Stretches to do while on an Airplane

Extended durations on cramped, uncomfortable seats for hours can cause your body to become stiff and sore. These discrete simple stretches and exercises can help travellers reach their destination pain-free, while encouraging blood circulation throughout the body. 

Seated
Seated Spinal Twists – Sitting tall, grab onto the arm rests of your seat and twist your torso from one side to the other.

Neck Rolls – slowly twist your neck from side to side, and up and down. Then bring your left ear to your left shoulder, and repeat on the other side. Finally, tuck your chin down to your chest and repeat the steps until you feel the tension release from your neck. 

Shoulder Rolls – sit in a relaxed position with your arms by your sides. Roll your shoulders both forward and backwards.

Ankle Circles – lift your feet off the ground and roll your ankles in a circle.

Standing
Calf Raises – stand with your feet a couple inches apart and raise your heels so you’re on your toes. Hold this position for a few seconds before lowering back down. You should focus on stretching out your calves. 

Quad Stretches – In a standing position, bend your knee, grab your ankle and pull it behind your back. 

Pec Stretch – place your hand on a wall with your elbow at chest height. Rotate your body away to stretch out your shoulder. Repeat on the other side. 

In addition to these stretches, don’t forget to take the opportunity to walk around every few hours to get your blood circulating throughout your body. 

If you have any pain during exercises, or are unsure about what you are doing, please consult your local physiotherapist before continuing.

Gluteus Medius Strengthening for Sacro Iliac Joint Injuries: Drop Steps

With nice tall neutral spine posture, engage your core stability muscles below your belly button and keep them engaged the entire time.

Then side step onto the stepper with your left foot, with your hands on your hips. The opposite foot is dropped below the step to start.

Hike that right foot up and level with your left foot that’s on the stepper by pushing through the left heel and squeezing the left gluteus medius muscle. This contraction will cause your right hip to come up level with the left side and allow you to feel that good muscle burn in your left butt.

Let the right foot drop back down and the right hip to follow to return to the start position. Perform 10 repetitions, doing 3 sets daily.

This is a great way to activate and strengthen your pelvic and sacro iliac joint stabilizing muscles after you have injured it. If you experience any pain or have any problems doing this exercise then consult your local Physiotherapist before continuing. 

Benefits of Hiking

As summer begins approaching, hiking can be a great low-impact workout to engage in, offering numerous physical and mental benefits. Walking is one of the lowest impact sports around, but with the increased variability that hiking provides, this adds increased difficulty, hence increased health benefits to the activity. According to the American Hiking Society (2013), and Healthy Families BC (2013), a few of the benefits hiking can provide include: 

  • Increased general fitness levels – one hour of hiking can burn over 500 calories depending on level of incline and weight of your pack!
  • Reduced risk for heart disease
  • Lower blood pressure and cholesterol levels 
  • Improved control over healthy weight, and lowered body fat
  • Improved bone density and osteoarthritis outcomes
  • Reduced stress, improved mood and enhanced wellbeing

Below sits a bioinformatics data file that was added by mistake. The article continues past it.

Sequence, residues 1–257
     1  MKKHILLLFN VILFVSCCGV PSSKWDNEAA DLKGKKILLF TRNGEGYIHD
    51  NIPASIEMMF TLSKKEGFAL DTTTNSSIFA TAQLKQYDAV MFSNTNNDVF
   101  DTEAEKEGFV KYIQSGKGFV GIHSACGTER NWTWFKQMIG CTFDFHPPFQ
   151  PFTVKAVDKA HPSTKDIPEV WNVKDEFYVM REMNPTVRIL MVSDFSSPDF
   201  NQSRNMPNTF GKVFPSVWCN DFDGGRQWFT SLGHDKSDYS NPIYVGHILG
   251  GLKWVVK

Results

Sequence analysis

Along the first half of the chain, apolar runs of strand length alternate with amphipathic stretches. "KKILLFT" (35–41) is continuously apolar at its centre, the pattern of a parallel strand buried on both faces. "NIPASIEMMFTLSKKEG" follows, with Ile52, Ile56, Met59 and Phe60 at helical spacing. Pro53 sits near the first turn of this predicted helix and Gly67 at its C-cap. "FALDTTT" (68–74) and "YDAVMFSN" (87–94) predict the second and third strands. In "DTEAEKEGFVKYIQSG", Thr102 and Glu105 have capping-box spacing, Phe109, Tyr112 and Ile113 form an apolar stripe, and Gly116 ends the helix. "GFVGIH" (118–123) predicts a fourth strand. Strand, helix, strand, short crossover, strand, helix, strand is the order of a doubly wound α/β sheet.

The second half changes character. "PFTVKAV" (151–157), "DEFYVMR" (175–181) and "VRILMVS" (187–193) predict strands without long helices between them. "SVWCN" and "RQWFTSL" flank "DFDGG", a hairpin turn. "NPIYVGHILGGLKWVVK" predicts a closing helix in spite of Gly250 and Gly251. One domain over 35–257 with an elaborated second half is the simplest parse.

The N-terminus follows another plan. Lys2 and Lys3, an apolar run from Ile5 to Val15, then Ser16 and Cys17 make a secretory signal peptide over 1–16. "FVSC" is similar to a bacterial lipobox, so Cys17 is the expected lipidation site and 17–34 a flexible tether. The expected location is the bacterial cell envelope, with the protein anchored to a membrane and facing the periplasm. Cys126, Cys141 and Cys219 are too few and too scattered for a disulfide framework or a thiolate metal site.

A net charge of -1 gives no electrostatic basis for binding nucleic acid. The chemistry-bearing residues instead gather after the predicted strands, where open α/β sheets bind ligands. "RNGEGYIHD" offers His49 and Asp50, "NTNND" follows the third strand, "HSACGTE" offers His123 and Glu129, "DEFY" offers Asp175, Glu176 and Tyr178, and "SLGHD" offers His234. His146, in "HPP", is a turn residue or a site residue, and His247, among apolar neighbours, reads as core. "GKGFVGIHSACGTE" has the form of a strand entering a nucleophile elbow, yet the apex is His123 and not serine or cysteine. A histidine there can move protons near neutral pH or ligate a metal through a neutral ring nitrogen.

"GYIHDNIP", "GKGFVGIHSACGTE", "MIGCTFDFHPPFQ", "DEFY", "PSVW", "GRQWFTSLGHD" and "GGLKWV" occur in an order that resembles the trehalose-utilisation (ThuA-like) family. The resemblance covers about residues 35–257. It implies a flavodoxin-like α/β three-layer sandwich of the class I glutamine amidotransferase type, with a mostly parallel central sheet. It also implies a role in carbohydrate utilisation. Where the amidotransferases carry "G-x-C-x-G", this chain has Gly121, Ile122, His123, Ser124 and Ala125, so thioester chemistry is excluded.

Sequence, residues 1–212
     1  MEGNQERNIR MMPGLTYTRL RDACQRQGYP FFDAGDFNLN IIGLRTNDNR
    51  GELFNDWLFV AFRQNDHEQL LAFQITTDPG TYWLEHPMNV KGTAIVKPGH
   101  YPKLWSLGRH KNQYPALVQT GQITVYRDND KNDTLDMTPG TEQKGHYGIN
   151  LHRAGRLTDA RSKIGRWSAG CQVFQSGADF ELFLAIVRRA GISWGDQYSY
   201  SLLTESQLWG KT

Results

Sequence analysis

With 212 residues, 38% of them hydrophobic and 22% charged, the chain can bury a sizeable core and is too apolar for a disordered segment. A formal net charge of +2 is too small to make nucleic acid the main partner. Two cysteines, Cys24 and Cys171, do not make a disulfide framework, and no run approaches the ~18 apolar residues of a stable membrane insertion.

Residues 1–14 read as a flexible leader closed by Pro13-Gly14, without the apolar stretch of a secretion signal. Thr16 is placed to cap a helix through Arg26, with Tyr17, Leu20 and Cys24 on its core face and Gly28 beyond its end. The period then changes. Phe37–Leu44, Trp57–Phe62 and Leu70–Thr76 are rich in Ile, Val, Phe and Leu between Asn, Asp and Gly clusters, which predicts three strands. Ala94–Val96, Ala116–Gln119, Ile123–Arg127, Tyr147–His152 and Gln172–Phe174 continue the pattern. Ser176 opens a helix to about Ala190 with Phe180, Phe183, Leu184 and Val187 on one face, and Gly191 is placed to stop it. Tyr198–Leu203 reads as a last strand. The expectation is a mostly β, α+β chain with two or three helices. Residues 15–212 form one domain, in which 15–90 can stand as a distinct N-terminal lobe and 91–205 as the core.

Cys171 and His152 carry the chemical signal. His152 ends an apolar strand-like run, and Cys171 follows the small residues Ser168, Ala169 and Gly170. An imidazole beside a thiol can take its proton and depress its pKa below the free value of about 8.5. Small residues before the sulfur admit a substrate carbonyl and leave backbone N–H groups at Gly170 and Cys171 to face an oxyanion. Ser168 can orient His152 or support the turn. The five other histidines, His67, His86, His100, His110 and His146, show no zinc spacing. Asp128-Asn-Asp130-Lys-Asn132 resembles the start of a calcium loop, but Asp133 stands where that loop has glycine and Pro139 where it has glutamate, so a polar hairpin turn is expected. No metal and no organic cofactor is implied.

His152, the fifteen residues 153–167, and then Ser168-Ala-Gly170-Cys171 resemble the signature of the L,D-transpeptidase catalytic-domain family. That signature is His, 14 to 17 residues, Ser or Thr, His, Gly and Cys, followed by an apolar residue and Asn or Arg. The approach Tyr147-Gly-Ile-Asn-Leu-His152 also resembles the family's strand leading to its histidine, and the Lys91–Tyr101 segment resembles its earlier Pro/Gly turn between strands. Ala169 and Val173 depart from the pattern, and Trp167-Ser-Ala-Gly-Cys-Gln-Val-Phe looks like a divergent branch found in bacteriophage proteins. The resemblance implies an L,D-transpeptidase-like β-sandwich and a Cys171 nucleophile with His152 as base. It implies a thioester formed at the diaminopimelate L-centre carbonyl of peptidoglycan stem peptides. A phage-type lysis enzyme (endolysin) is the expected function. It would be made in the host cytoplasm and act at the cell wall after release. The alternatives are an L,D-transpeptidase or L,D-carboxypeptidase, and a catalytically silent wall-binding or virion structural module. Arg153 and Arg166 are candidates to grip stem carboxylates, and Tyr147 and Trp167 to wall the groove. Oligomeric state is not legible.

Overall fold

• Increased flexibility and coordination 

American Hiking Society (2013). Health benefits of hiking. Retrieved from http://www.americanhiking.org/wp-content/uploads/2013/04/Heath-Benefits-of-Hiking-fact-sheet.pdf

Faktor, M. (2013). The health benefits of hiking. Retrieved from https://www.healthyfamiliesbc.ca/home/blog/health-benefits-hiking

Hamstring Strains and Tendinopathies: Straight Leg Isometric Bridges

As you move past the initial stages of an acute hamstring muscle strain or acute flare up of your tendinopathy you want to start progressively loading it to rehab it properly.

Start by lying down on the ground with your heels placed on a raised step about half a foot high or so to start. With your core muscles engaged and both knees straight, press your heels onto the step lifting your buttocks off the floor.

Avoid bringing your butt too high up so you can isolate primarily into the hamstrings while also activating your core and gluteus muscles at the same time. Hold this isometric contraction for 45 seconds and repeat 5 reps for one to two times per day.

If you experience any pain or have any problems doing this exercise then consult your local Physiotherapist before continuing. 

Medial Collateral Ligament (MCL) Injuries

What is a medial collateral ligament (MCL) sprain? 

The medial collateral ligament (MCL) is the knee ligament on the inner part of your knee. It is one of the four major knee ligaments that help stabilize the knee joint. An injury is caused when the a force is too great for the ligament to resist, thus causing an overstretch of the MCL. This can be caused by sudden movements such as a sharp change in direction, twisting the knee while the foot is planted on the ground, or a blunt force to the knee. 

Injury severity?
Grade I

The knee ligament has a slight stretch, but it doesn’t actually tear. Although the knee joint may not hurt or swell very much, a grade I sprain can increase the risk of a repeat injury. Resting from painful activity and icing the injury can be useful to subside the pain.  

Grade II

The knee ligament tears partially. Swelling and bruising around the injury site are common, and use of the knee joint is usually painful and difficult. Use of a weight-bearing brace, or supportive taping are common treatments of this sprain. A physiotherapist may also help by providing strengthening and joint exercises to guide the healing process. 

Grade III

The knee ligament fully tears. Swelling and bleeding can sometimes be present under the skin. The joint is unstable and it can be difficult to bear weight. You can also feel the knee giving way. With a grade III sprain, surrounding structures, such as the meniscus and/or ACL also become at risk of injury. A grade III sprain should be rehabilitated under the guidance of a physiotherapist and/or knee specialist.